Conference. The 26th European Meeting of Cultural Journals will take place in Conversano (Italy) from 3 to 6 October 2014. This year's meeting, which is by invitation only, is organized by the European network of cultural journals, Eurozine, in cooperation with La Fondazione Giuseppe Di Vagno and Eurozine partner journal Lettera internazionale. More than 100 editors and intellectuals from Europe's leading cultural journals will participate in the event.
Under the heading "Law and Border – House Search in Fortress Europe" this year's conference will address both the EU's refugee and immigration policies, and intellectual partnerships across the Mediterranean (Eurozine Maghreb).
On 3 October 2013, over 360 men, women and children drowned off the coast of Lampedusa attempting to enter Europe. At the time, Italian president Giorgio Napolitano lamented the "slaughter of innocents" and the tragic event – one of many at the gates of Fortress Europe – triggered a new European debate on laws, borders and human rights.
Exactly one year after the Lampedusa shipwreck, we will continue this debate, drawing on the fact that Eurozine is a transnational network, representing views and experiences from all parts of Europe – and beyond. The renewed focus on migrants landing on Europe's Mediterranean shores has added to the difference of perspectives between southern and northern EU countries, which first surfaced with the economic crisis in 2008. Many southern frontier member states – Italy included – feel that they are being left alone to deal with the economic, legal and moral challenges, which come with refugees and asylum seekers. At the same time, the tensions between western and eastern Europe have never left the agenda. Populist politics demonizes immigrants per se; the most recent occasion for xenophobic rhetoric being the lifting of work restrictions on Romanians and Bulgarians earlier this year. There is a fortress within the fortress.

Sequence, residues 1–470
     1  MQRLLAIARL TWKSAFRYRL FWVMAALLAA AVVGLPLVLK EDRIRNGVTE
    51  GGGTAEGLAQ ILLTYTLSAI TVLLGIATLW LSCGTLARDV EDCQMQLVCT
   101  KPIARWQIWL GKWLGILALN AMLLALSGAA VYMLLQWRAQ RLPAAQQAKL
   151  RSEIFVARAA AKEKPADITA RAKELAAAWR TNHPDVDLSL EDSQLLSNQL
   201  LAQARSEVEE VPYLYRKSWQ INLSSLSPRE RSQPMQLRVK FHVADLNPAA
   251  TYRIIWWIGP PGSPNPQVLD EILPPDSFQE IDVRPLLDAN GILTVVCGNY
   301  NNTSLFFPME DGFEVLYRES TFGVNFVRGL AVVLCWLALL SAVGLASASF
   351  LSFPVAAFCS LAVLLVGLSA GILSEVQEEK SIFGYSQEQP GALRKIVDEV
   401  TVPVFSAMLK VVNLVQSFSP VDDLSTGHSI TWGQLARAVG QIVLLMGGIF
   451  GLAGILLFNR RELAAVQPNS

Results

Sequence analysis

These are some of the current issues that will be addressed at the Conversano meeting, taking place in a part of Europe that has a long history of dealing with migration. But we will also ask intellectuals and experts to project current trajectories, trends, problems and possibilities into the future. Does increasing investment in surveillance – which has so far been the standard answer – really go to the core of the matter? More often than not, migrants have no choice but to flee conflict situations, poverty or environmental degradation. This fact will not go away. On the contrary, climate change and increased global inequality will only add to an already volatile situation. So, what is the future of migration?